Wedding planning: Does the groom need to help?
Seth Meyers jokes that his wife-to-be only asks "courtesy questions" when it comes to planning their upcoming wedding. Should a guy always be involved?
It's obvious that former Saturday Night Live star Seth Meyers is excited about getting married. However, the actor — who proposed to girlfriend Alexi Ashe earlier this summer — recently told Jimmy Fallon that he's staying away from the wedding-planning process.
"Every now and again, she'll throw me a courtesy question," Meyers joked to Fallon. "'Do you think the invitations should have seashells or lighthouses?' I'll be like, 'Seashells?' And she'll be like, 'Not lighthouses?' I'm like, 'Don't ask me if there's a right answer!' She'll have to make it easier for me. Like, 'You either get to have lighthouses or rattlesnakes.'"
It's obvious that Meyer is joking, but it seems like many men try to stay away from anything related to wedding planning before the big day. Shouldn't it be a joint process, though — especially since it's supposed to be the most important day of your lives?
Not necessarily, according to one expert.
"The process of planning a wedding might best be thought of as an opportunity for the bride and groom to exercise their 'decision-making and compromising muscles.' As players on the same team, both views must be equally considered," Dr. Deborah Hecker, psychotherapist and divorce expert, tells SheKnows.
But, does one side's unwillingness to help with the wedding planning foreshadow problems for the future? No, says Dr. Hecker.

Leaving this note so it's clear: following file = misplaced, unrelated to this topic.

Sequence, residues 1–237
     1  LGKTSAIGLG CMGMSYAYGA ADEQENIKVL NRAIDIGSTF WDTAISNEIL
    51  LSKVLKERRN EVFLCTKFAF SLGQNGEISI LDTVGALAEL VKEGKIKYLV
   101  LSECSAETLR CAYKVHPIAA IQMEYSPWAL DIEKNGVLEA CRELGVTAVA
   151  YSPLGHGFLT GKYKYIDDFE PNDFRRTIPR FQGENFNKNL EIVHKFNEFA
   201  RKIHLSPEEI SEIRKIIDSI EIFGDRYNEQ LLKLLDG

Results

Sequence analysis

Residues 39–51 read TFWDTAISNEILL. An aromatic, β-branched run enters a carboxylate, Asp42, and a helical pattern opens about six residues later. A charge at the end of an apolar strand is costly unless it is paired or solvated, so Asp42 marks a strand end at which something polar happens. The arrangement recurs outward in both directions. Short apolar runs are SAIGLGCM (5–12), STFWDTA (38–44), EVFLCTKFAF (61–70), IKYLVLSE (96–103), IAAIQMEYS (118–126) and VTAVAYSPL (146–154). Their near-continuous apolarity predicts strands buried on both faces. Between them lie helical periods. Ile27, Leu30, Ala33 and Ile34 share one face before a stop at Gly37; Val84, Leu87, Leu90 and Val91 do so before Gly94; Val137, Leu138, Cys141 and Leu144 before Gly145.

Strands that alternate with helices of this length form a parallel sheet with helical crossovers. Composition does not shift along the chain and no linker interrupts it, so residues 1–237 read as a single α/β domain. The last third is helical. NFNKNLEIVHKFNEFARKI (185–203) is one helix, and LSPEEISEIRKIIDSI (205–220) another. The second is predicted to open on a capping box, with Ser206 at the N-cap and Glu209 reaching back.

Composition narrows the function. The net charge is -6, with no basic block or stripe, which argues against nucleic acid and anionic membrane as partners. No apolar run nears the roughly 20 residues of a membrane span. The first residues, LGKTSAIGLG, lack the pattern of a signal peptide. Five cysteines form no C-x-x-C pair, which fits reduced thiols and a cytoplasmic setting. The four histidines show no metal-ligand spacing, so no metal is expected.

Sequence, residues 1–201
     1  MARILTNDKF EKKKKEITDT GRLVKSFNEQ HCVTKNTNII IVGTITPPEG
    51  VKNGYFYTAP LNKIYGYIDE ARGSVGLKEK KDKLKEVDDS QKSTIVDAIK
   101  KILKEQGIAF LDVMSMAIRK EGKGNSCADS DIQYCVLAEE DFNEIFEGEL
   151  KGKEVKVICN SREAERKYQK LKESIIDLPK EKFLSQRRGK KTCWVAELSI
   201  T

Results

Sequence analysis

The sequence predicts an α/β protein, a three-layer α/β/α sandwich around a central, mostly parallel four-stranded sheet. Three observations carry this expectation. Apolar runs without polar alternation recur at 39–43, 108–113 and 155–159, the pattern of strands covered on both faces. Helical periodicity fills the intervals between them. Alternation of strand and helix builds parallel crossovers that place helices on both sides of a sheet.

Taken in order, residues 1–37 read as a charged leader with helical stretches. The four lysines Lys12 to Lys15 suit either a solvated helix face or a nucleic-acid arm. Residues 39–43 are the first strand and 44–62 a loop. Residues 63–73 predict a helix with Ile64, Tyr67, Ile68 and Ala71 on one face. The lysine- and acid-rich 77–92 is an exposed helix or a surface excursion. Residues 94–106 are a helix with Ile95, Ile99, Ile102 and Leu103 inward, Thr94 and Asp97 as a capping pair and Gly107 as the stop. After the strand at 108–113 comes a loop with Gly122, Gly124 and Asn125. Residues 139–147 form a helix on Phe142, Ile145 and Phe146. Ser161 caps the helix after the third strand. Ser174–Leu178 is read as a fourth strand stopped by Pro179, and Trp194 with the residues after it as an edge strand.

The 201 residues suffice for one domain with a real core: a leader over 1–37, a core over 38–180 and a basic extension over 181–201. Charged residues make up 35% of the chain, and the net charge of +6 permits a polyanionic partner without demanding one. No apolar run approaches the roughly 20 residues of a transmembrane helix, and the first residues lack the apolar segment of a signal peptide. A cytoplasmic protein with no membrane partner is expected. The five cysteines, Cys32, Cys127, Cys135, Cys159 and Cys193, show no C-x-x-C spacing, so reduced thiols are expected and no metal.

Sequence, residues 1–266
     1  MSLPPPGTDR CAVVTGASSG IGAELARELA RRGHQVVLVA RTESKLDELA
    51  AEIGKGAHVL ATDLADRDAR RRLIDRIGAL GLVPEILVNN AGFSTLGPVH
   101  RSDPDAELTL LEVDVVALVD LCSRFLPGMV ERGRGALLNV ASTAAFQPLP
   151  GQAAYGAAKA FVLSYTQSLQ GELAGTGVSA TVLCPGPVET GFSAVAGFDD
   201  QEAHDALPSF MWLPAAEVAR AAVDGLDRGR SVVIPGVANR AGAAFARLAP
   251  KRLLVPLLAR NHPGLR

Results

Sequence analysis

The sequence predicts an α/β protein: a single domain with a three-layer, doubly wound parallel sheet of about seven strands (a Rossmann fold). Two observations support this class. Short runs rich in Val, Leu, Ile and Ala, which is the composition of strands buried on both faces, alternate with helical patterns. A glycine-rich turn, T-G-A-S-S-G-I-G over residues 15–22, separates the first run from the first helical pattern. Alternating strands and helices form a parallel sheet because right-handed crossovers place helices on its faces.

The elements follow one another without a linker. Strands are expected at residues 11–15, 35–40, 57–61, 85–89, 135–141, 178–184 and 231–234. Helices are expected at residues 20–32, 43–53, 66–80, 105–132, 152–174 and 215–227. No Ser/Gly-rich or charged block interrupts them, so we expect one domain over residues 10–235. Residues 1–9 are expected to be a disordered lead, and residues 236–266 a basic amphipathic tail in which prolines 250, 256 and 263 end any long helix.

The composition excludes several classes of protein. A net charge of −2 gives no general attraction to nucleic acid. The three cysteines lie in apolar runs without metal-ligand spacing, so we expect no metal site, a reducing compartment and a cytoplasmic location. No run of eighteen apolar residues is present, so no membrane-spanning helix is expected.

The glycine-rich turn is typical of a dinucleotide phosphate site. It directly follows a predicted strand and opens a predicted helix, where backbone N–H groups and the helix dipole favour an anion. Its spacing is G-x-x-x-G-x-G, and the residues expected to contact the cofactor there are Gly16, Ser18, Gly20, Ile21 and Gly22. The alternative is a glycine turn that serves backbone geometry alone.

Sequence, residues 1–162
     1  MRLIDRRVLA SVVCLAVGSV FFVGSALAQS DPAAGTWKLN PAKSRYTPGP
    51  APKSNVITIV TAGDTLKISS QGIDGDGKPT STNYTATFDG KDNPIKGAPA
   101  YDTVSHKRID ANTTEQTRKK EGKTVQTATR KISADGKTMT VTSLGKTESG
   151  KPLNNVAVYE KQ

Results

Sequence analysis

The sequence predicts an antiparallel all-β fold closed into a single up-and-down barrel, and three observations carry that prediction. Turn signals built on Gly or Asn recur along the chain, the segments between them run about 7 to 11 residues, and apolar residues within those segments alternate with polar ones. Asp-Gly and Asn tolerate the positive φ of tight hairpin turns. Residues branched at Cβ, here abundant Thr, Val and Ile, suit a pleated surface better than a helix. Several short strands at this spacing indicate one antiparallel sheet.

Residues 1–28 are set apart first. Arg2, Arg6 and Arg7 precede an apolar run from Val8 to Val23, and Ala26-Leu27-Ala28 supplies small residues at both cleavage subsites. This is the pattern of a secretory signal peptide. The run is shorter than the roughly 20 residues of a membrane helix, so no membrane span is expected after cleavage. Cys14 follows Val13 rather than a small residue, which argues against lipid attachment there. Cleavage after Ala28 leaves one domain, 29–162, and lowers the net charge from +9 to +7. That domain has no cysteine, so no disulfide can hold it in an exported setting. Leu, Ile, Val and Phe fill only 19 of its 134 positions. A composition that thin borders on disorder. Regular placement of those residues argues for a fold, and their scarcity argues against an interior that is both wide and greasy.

"Let's be honest. The day of the wedding is just a big party," Dr. Hecker says. "What really matters is that two people are engaged in a significant turning point in their lives and need to get off on the right foot as a strong couple."
It's best to just let your husband-to-be off the hook if he doesn't want to be a part of the planning process.
"If the groom experiences his involvement in the wedding plans as a dreaded exercise and thinks that his only responsibility for the wedding is to show up, and [if] his bride-to-be is on board with that arrangement, they have a win-win situation," Dr. Hecker says.
But, what if he wants to help arrange the guest lists and choose the flowers? Consider it an opportunity to practice your negotiating and teamwork skills before walking down the aisle.
"They must be prepared to jointly flex their 'conflict-resolution muscles' if the wedding planning euphoria should descend into chaos, which we know can happen in a New York minute," Dr Hecker says.
Do you think men should be heavily involved in the wedding planning process? Sound off below!